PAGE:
She retired after 35 years, but this Dalzell teacher is still in the classroom twice a week

Sharon Lamps’ love of the profession keeps her teaching even in retirement

Sharon Lamps hasn’t let retirement keep her out of the classroom.

The 35-year veteran teacher still can be found in the classroom at Dalzell School on Tuesdays and Thursdays shaping young minds.

The biweekly reading lessons are what keeps her going, sharing a lifelong love of learning with generations of students.

“I started my teaching career in 1972 teaching fourth grade at Jefferson School in La Salle,” Lamps said. “I then taught grades 4-6 at Jefferson School when we departmentalized teaching language arts. I also taught second grade at Jefferson and Matthiessen schools in La Salle.”

Following a maternity leave, Lamps taught first grade at Oglesby Public Schools for five years.

“In 2015 I retired from La Salle Public Schools as a second-grade teacher at Northwest Elementary School,“ Lamps said. “I retired from the school I attended as a student.”

“My love for children was my greatest inspiration for becoming an educator,” she said. “However, my family, former instructors and love of learning contributed immensely to my career choice.

“My career in teaching has been fulfilling just knowing that I have not only taught my students a curriculum but people skills such as respect, kindness, courtesy and the art of getting along with others, which we so desperately need in our world today.”

Lamps said the challenge of being an educator, for her, was to continually engage students and capture their interest in learning with creative teaching strategies.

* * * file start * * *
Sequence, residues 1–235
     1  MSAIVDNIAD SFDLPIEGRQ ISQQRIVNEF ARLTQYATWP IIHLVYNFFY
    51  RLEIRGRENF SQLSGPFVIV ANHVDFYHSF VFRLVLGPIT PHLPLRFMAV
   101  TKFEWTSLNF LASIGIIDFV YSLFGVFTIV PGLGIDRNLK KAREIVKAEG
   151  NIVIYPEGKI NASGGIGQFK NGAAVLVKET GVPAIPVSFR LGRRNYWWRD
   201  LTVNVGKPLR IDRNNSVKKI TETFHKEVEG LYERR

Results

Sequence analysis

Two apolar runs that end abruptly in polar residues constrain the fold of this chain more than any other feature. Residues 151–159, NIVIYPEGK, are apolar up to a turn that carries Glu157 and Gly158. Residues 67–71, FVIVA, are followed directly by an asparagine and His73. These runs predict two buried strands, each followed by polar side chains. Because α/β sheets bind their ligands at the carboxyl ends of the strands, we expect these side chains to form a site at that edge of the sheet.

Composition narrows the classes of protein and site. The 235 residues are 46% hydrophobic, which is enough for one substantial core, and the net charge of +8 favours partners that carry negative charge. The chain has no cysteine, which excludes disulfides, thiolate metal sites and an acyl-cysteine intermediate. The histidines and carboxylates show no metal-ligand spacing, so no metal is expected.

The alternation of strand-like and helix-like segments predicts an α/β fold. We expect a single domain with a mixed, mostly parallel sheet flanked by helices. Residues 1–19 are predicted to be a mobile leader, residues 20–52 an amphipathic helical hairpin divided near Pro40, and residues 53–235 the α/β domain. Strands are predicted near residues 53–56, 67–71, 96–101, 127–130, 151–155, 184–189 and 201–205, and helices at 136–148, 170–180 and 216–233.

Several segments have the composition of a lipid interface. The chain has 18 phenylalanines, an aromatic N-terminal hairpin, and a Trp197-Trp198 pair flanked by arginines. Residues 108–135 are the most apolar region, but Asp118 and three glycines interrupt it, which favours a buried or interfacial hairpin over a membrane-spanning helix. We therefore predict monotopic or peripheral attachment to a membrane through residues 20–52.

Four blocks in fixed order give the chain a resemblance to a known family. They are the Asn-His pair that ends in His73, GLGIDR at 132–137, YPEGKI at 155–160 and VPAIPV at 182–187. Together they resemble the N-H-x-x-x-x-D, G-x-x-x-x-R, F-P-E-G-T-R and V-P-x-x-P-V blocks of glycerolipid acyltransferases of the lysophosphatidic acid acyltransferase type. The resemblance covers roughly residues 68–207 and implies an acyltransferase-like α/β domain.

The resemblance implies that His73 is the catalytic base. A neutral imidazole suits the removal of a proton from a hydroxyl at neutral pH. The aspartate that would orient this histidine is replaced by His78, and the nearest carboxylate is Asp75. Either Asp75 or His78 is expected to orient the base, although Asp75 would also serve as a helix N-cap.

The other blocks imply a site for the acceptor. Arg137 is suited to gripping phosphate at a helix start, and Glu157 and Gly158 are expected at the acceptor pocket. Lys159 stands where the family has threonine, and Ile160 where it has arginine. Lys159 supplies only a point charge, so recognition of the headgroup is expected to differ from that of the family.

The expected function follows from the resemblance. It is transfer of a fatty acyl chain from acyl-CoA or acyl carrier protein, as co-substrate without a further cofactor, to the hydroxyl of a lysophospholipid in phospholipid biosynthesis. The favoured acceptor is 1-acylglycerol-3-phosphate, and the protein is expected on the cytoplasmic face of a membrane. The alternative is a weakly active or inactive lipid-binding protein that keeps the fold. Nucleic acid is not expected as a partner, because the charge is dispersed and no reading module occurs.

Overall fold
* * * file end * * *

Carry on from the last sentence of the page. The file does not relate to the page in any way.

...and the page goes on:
“I continually strived to create an effective learning environment by reflecting on my teaching practices,” she said. “The question always being, ‘how am I going to present the curriculum to meet the needs of each individual student?’”

One such lesson evolved naturally, but with much success.

Lamps was previously featured in a NewsTribune story for a unique lesson she shared with her classroom.

She saw a unique opportunity to take a mundane classroom event and turn it into a learning project her students won’t soon forget.

Lamps and Michelle Beaty’s classroom at Dalzell Grade School was visited by a fly that had a knack for theatrics. This fly began crawling around on the room’s smartboard overnight and started leaving various drawings for the students to discover the next morning.

“This fly appeared in the classroom and they didn’t know what it was at first,” Lamps said. “The kids thought that someone was coming into the room because the board was filled with designs and artworks of different colors.”

The fly – students elected to name Fred or Freddie – began creating works of art of various colors, shapes and even some writings that resembled words.

“When they came in the morning, they would see different artworks,” Lamps said. “One time they came in and they could actually pick out the letters F-L-Y.”

Lamps saw the students enthusiasm toward Freddie and decided to turn it into an opportunity to grow the students’ creative writing ability while having some fun.

“The kids were just so excited and I said, ‘I’ve got an idea,’” Lamps said. “I decided we are going to do a creative writing experiment on this.”

During the pandemic, Lamps’ third- and fourth-grade students wrote and illustrated a book titled “2020, The Year We Will Never Forget.”

Over the course of her career, Lamps has seen many changes in education.

“Technology and its use in the classroom has been the major change since I started teaching,” she said. “Technology in the classroom has numerous advantages for teachers and students alike. It definitely helps in meeting the needs of all students. However, verbal communication skills seem to have declined in recent years along with social skills and interaction among students.”

Lamps is on a quest to bridge those gaps, as a Title I teacher at Dalzell, teaching writing to students in first through fourth grades, something she’s done since 2015. Part of her mission is to engage students in a way that sparks their creativity and love of learning.

“I absolutely love to take advantage of ‘teachable moments,’” she said.